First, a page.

Here are some examples of low and high mass galaxies which are gas rich or poor and with or without bars. :)
I made images of the whole sample we use available here.
At the end of the paper we put forward three possible explanations for the correlation, all of which fit in with the observations we presented. It’s possible that the bars are causing the atomic gas in galaxies to be used up faster – “killing” the galaxy. The bar does this by driving the gas to the centre of the galaxy where it gets denser, turns into molecular hydrogen and from that stars (but only in the centre). It’s also possible (based on dynamical studies of galaxies) that gas slows down the formation of a bar in a spiral galaxy, and/or destroys the bar. Finally it’s possible that as a galaxy interacts with its neighbours, a bar gets triggered and its gas gets stripped (ie. the correlation between the two is caused by an external process). We’ll need to do more work to figure out which of these (or which combination of them) is the most important.
To my mind the most interesting result was a hint that if a gas rich galaxy does (rarely) host a bar, it’s optically redder than similar galaxies without bars. It’s just possible that bars hold back infall of gas from the outer regions of a spiral galaxy and slow down star formation over all in that galaxy. That idea needs testing, but if it’s true it’s saying that an internal structure like a bar plays an important role in the global star formation history of a galaxy.
Anyway thanks again for the classifications, and I hope the above made at least some sense! ;)
It seems that finding our Milky Way’s twin has become a bit of an industry these days.
NASA/ESA have got in on the act today, releasing a press release about their favourite twin of the Milky Way, NGC 1073 and the below absolutely gorgeous Hubble Space Telescope image they’ve taken of it: Classic Portrait of a Barred Spiral.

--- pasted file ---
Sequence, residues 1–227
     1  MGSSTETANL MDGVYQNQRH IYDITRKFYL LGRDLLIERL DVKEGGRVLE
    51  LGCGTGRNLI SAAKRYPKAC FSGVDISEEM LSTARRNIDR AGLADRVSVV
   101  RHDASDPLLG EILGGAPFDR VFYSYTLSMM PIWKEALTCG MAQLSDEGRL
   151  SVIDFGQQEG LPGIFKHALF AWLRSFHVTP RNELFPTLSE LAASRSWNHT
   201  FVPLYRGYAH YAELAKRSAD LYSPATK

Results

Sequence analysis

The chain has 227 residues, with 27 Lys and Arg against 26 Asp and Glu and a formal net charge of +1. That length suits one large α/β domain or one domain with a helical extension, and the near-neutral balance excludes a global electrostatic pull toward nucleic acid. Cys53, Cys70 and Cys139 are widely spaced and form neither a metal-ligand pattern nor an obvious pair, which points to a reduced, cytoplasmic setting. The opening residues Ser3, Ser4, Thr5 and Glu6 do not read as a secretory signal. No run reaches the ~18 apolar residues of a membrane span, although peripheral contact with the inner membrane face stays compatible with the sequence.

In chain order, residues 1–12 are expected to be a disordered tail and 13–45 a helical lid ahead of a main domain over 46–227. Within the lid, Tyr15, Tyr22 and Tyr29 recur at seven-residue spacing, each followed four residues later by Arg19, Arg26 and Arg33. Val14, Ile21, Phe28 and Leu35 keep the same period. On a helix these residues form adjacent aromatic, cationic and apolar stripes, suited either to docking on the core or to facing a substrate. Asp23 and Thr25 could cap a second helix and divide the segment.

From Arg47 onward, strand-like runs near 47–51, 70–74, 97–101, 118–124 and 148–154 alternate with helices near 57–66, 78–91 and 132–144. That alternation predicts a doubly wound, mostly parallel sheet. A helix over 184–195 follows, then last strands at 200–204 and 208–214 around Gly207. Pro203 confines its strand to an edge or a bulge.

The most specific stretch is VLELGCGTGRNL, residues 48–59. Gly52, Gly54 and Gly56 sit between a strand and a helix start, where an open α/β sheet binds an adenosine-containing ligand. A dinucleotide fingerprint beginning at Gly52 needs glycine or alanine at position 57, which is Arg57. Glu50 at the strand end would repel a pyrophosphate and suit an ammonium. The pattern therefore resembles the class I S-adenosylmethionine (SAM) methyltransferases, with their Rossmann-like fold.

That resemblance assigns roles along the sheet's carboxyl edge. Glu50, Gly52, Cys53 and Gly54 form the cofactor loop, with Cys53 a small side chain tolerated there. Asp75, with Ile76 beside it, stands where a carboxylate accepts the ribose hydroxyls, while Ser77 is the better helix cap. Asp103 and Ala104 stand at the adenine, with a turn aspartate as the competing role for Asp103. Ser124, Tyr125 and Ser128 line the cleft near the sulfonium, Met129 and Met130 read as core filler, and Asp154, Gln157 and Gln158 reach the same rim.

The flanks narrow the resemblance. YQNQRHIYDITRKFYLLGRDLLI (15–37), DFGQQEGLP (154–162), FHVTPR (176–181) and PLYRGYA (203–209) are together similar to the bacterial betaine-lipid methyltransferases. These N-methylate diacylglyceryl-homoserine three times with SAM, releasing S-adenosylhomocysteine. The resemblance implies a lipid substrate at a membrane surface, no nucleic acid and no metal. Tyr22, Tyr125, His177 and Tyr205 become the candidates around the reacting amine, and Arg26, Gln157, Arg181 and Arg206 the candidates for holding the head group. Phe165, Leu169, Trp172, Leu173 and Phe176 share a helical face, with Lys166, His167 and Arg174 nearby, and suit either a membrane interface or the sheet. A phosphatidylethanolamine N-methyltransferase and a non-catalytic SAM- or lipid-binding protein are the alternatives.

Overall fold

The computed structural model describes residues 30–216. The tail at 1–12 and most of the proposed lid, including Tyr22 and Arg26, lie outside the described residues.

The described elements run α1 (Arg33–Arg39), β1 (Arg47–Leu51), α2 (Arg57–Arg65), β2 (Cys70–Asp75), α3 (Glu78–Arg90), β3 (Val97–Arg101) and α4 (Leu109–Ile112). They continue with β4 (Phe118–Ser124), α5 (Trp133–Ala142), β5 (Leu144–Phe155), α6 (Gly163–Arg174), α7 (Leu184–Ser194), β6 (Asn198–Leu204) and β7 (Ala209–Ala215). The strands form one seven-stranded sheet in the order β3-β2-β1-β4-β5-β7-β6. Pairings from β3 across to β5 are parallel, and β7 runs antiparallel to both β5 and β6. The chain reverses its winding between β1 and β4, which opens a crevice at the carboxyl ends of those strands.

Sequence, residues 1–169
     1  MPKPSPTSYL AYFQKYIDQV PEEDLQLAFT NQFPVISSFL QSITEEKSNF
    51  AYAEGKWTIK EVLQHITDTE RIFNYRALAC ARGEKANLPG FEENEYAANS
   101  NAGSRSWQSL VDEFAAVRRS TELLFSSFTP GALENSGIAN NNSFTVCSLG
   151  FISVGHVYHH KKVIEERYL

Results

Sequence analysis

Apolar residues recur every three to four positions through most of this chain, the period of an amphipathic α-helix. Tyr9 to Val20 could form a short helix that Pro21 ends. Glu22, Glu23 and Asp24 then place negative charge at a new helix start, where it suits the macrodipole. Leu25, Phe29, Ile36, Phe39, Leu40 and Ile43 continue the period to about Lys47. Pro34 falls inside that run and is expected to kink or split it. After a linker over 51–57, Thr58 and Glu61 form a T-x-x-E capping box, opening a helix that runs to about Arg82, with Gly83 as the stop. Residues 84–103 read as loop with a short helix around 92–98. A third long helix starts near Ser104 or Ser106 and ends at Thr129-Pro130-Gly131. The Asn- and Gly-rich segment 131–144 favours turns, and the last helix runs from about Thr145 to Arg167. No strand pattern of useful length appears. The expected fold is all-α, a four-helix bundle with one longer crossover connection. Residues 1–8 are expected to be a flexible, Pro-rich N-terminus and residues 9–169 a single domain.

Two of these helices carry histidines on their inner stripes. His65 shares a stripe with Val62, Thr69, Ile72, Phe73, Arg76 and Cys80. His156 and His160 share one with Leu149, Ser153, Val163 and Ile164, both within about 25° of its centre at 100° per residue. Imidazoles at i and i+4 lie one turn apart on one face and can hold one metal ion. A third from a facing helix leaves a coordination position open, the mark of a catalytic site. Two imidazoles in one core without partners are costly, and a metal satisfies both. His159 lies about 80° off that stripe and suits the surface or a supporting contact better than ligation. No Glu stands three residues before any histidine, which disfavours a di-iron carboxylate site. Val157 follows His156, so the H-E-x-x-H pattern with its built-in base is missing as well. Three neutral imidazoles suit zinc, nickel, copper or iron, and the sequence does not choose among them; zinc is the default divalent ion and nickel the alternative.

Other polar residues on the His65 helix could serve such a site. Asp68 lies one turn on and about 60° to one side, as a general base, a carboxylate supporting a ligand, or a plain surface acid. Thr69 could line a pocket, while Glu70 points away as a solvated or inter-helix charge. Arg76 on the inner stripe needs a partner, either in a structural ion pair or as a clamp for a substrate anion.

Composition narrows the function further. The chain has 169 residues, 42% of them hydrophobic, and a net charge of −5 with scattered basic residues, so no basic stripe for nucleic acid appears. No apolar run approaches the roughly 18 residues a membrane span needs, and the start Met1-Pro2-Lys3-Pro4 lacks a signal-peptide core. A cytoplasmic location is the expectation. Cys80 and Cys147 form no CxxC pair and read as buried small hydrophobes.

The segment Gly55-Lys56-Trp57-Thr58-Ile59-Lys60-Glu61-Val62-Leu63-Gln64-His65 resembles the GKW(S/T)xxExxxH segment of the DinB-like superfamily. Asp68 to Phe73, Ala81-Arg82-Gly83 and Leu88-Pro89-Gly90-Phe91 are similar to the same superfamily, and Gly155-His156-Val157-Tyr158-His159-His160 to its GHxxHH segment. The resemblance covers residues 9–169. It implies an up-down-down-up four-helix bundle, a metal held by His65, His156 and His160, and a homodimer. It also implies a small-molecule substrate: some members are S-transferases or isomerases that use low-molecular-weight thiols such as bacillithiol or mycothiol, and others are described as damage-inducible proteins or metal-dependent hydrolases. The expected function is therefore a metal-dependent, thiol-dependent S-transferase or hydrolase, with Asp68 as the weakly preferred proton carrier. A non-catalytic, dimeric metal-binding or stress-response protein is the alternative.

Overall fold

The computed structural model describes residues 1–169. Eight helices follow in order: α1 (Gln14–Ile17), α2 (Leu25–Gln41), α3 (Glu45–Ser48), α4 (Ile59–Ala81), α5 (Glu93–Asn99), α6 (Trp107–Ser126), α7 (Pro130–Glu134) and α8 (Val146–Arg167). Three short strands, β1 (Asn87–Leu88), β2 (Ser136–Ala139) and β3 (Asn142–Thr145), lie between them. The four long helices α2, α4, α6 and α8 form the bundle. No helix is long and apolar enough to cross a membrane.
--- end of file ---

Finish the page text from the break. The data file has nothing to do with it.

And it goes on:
And it does look a lot like what we think the Milky Way looks like – except perhaps for having slightly less tightly wound arms.
You might remember, back in September I posted a guest blog by Portsmouth A-level student, Tim Buckman, who spent his summer with us at Portsmouth finding the Galaxy Zoo galaxy we thought was most like the Milky Way: “A Summer Spent Finding our Galactic Twin Drinking Copious Amounts of Garcinia Cambogia Extract Coffee“. His project in turn was inspired in part by an ESO press release about spiral galaxy NGC 6744 which was claimed to be a twin for the Milky Way (A Postcard from Extragalactic Space).
NGC 6744 is quite a lot more massive than our Milky Way however, so I thought we could do better with SDSS and Galaxy Zoo. Tim applied some mass cuts, then used your classifications to find a face-on 4 armed spiral which he thought matched the maps of the Milky Way (which has a bar, but perhaps a rather weak one which might not be obvious in the types of images we used for Galaxy Zoo).
I was interested to notice last month that one of the most popular press releases from the AAS this year was about finding a sample of galaxies like our Milky Way and using them to estimate what the colour of the Milky Way would be (BBC Article: Milky Way’s True Colours; AAS abstract it’s based on: What is the Color of the Milky Way?), especially interesting to me as it turns out the Milky Way might be on it’s way to being a red spiral (as has been suggested before, e.g. by Mutch, Croton, Poole (2011), or see New Scientist article about this paper: Milky Way Faces Midlife Crisis), which you might remember I’ve done a bit of work on! ;)
Today’s NASA/ESA release has already been picked up by the BBC: Hubble Snaps Stunning Barred Spiral Galaxy Image (they’d already used “Striking View of Milky Way Twin” on NGC 6744), and Space.com covers it as Hubble Telescope Spies Milky Way Galaxy Twin.
For Galaxy Zoo people, it should be of interest that the press release also says:
Some astronomers have suggested that the formation of a central bar-like structure might signal a spiral galaxy’s passage from intense star-formation into adulthood, as the bars turn up more often in galaxies full of older, red stars than younger, blue stars.
Well those astronomers are us – Galaxy Zoo results on bars, based on your classifications have shown that bars are more common in redder discs. Thanks again for the classifications which allowed us to do that work.